I am seeing an episode of a British sitcom, The Thin Blue Line, where an officer makes a remark

Just once in a while, I'd like to nick someone whose balls have dropped!

What does this sentence mean exactly? I understand that this is an offensive remark, but please excuse me for that.

  • 3
    it's not offensive, it's crude. don't say it!
    – Fattie
    Sep 8, 2014 at 15:21

5 Answers 5


It means someone who has started puberty. In your context, they'd like to arrest someone who isn't a child - they'd like to arrest an adult or teenager.

From RespectYourself.info

People often use the phrase a guy’s balls drop to imply he has started puberty. What this means is that a his scrotum, the wrinkly sack just behind the penis which holds his testicles, starts to hang a bit lower, away from his body. Technically a boy’s testicles should have dropped during infancy, they literally descend into the scrotum; if this doesn’t happen by the time he is five he will have to have an operation. However, the term – balls-dropped has always been misused to mean a lad has started to produce sperm during puberty.

  • 4
    +1 The expression is used in the same way they could have said I'd like to nick someone who has started to shave.
    – oerkelens
    Sep 8, 2014 at 11:08
  • 1
    @Sumit: any reference to genitals can and will be considered rude in most formal environments (a notable exception being a medical setting). I'd say you can get away with this expression in a setting where at least an expression like bullocks! will not be frowned upon.
    – oerkelens
    Sep 8, 2014 at 11:25
  • 3
    'Bullocks!' is not an expression, other than extremely rarely used when wanting to say 'Bollocks!" in polite company :)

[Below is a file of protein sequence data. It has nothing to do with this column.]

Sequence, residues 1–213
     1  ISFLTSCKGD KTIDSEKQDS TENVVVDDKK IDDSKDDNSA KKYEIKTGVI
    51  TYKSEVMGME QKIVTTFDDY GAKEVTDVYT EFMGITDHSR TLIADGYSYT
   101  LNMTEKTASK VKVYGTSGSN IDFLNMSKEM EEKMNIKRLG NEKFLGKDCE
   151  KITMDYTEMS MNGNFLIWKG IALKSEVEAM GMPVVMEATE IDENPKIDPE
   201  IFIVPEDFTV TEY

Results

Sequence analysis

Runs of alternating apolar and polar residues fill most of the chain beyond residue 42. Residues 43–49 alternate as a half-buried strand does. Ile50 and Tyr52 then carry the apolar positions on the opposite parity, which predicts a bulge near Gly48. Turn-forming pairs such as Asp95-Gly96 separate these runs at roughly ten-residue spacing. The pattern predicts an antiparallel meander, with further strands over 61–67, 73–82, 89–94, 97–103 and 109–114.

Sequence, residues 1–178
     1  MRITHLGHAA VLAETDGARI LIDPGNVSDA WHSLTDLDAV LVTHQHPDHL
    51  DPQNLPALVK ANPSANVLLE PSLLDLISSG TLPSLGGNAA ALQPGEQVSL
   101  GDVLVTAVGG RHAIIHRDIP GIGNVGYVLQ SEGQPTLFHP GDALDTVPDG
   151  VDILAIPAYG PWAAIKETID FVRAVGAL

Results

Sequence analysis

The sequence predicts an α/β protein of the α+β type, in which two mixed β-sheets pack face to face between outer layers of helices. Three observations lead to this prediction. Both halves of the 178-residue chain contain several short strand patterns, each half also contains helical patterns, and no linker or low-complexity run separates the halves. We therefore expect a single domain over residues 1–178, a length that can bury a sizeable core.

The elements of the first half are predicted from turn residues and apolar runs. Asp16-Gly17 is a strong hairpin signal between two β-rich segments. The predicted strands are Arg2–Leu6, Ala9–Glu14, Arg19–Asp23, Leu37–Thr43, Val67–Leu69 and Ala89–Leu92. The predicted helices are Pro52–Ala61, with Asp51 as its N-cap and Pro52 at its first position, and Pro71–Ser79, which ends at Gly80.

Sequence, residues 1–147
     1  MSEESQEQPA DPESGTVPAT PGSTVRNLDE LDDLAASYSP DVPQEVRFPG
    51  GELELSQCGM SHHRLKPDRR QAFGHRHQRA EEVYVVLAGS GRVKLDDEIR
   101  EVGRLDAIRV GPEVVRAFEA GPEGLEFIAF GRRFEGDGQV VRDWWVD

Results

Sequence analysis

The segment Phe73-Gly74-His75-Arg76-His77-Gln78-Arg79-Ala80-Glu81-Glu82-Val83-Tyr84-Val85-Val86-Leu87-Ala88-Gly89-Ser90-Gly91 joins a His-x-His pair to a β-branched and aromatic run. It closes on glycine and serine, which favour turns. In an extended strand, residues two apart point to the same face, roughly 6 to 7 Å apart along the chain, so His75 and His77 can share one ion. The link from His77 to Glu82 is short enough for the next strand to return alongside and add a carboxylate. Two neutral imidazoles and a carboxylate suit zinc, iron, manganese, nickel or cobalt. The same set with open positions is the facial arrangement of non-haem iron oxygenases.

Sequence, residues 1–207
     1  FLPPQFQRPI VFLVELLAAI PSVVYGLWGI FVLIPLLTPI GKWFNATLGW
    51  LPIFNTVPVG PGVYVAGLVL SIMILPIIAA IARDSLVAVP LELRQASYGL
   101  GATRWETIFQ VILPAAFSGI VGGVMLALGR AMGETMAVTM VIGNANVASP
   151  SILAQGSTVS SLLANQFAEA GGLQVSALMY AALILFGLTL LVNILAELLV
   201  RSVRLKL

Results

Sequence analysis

– Marv Mills
    Sep 8, 2014 at 12:08
  • 2
    @Sumit It's not unpopular, but it's definitely not anything you would want to say in any sort of formal/professional environment, as oerkelens has elaborated on. Even informally many regard it as a crude saying.
    – Conor
    Sep 8, 2014 at 13:24
  • 1
    @oerkelens what has castrated male cows have to do with this? you can discuss them anywhere
    – WendyG
    May 16, 2019 at 16:37

I want to add to the current top answer, to contrast it with a different but similar expression "the ball has been dropped". I'm adding this here because someone else might come across your answer when it is this other expression that they are encountering.

This comes from the metaphor of juggling balls. which means something completely different and is not even vulgar as is even part of acceptable corporate office-speak. It means that something that needed constant attention/maintenance was neglected and it is ruined.

The key to distinguishing between the phrases is "ball" versus "ball s". In the plural it almost always means testicles (and is crude) in the singular it refers to this other phrase. A notable exception being "Having multiple balls in the air" it a counterpart to this expression (ie "the ball has been dropped", in this can meaning that there are multiple things and none of them have been yet "dropped") and not testicles.

Once again, this is a SIMILAR expression but DIFFERENT from the one you have asked about.